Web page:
Stepping Stones to Inclusivity
The 2019 International Women's Day Forum: The Equality Opportunity, hosted by the U.S. Chamber of Commerce Foundation, focused on new research and programs championed by public and private organizations targeting gender inequity in innovation and entrepreneurship. Women are the fastest growing group of entrepreneurs—often working for themselves to escape discrimination in the workforce. With a 51% growth rate from 2007 to 2016, DC is currently recognized as one of the top ten fastest growing states for women-owned businesses. And yet, even as more women break into the space, there still remain huge obstacles to success. These include: lack of investment in female-owned startups, unequal resource allocation, discrimination in the workplace, lack of confidence, unconscious bias, lack of social capital, and other barriers to capital and training.
During the panel ‘Inclusive Innovation’, Yanire Braña, Executive Director of MET Community, shared her experiences running an organization that supports female entrepreneurship at the Inclusive Innovation Incubator in Washington, D.C. Not only are resources allocated differently, but male and female entrepreneurs believe they need different things for success. According to a U.S. Senate report, the perception of entrepreneurship as a masculine activity and associated implicit biases can affect young women’s confidence in their entrepreneurial pursuits. Yanire spoke to her research on what entrepreneurs think they need to succeed, saying, “Most men answered money, whereas women considered nonfinancial support, such as mentoring and training, to be more important.” Aside from mentoring and training, money still forms a barrier for these women. Sarah Chen, Co-Founder and Managing Partner of the Billion Dollar Fund for Women, highlighted the need to close the funding gap that plagues female entrepreneurs—only 7% of private equity and venture capital is invested in female-led businesses, even though gender balanced leadership is associated with higher revenue and valuation for startups.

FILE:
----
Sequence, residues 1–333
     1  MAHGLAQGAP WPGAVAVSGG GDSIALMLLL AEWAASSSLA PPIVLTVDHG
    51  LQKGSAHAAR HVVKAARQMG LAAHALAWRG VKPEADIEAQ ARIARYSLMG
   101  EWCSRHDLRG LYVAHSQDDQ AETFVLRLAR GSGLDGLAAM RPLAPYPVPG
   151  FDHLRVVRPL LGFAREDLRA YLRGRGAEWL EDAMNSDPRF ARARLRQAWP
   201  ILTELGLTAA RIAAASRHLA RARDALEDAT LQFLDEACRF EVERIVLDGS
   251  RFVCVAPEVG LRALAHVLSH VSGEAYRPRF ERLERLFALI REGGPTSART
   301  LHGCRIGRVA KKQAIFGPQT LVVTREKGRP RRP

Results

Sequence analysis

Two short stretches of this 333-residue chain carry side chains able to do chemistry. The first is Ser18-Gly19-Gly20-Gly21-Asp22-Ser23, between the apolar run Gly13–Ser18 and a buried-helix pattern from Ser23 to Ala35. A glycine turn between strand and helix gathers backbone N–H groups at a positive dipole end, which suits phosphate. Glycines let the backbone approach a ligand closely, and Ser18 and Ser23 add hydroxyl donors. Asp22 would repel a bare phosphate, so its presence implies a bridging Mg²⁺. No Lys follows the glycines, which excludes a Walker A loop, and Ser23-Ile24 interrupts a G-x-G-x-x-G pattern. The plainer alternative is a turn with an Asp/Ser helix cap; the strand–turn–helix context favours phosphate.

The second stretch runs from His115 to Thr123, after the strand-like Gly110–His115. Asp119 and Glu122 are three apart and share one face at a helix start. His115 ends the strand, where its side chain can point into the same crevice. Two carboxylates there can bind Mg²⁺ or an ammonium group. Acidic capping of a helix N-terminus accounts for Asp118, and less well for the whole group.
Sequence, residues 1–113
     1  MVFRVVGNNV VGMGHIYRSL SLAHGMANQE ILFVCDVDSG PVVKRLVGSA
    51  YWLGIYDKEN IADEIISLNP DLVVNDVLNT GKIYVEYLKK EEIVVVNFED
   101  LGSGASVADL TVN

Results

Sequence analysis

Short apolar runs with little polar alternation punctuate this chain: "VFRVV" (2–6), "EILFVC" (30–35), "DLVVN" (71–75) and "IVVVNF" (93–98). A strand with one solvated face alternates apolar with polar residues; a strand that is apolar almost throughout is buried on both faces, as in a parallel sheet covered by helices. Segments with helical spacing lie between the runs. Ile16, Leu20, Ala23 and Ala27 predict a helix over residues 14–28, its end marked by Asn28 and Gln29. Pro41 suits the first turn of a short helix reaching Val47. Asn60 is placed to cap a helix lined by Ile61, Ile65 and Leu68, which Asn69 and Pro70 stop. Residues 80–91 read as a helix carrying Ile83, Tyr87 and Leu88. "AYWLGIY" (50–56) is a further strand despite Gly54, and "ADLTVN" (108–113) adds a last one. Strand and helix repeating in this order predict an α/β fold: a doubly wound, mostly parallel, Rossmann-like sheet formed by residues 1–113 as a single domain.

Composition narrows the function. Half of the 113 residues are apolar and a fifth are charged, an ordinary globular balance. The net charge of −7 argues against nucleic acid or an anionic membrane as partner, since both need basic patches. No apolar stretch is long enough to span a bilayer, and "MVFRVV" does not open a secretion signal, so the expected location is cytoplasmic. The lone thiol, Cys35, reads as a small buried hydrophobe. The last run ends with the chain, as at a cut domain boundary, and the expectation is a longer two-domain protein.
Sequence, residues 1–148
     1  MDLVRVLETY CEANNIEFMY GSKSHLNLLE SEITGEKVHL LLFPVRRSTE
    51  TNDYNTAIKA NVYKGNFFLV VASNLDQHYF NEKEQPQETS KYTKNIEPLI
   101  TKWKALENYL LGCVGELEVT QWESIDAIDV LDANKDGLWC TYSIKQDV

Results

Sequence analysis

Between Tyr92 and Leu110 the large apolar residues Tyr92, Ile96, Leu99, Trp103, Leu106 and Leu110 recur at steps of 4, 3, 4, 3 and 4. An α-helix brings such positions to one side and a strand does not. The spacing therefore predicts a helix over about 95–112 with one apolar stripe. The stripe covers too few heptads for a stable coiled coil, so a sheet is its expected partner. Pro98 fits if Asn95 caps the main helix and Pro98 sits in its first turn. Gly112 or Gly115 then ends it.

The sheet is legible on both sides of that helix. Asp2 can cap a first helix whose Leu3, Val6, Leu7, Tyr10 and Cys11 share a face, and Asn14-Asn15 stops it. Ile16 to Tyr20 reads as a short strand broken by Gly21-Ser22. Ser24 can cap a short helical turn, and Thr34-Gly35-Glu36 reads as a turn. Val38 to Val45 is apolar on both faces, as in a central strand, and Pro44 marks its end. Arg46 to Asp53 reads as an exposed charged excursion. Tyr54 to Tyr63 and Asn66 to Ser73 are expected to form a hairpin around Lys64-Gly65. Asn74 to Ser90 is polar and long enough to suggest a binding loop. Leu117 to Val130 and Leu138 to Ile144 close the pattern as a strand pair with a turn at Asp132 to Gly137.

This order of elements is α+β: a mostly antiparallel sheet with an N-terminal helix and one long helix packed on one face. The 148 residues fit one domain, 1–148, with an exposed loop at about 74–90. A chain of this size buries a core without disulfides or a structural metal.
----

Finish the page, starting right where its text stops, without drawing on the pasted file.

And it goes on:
Support from local universities can be a boon for these women. Julia Westfall, Founder and CEO of Hera Hub D.C., recognized the key role academia plays in fostering inclusion and opportunities in innovation. “Anyone will answer a student,” said Julia, noting it’s much harder for female entrepreneurs to get access to key partners and customers after graduation. Though there are limited on-ramps for young adults and teens to learn entrepreneurship skills, Julia highlighted pitch and venture competitions as phenomenal learning experiences. These competitions, such as the George Washington University’s New Venture Competition which gives $800k in cash and in-kind prizes to student entrepreneurs, can provide crucial foundational support for female entrepreneurs.
An expected additional 12 trillion dollars in global growth would be added to global GDP if women participate in the workforce at the same rates as men. Building supportive and accommodating networks for women entrepreneurs is crucial to this change. For a more gender equitable future, startup ecosystems must intentionally fight for and dedicate resources to women’s equal participation in innovation and entrepreneurship.
[Editor's Note: Couldn't attend the 2019 International Women's Day Forum? View the video archive here.]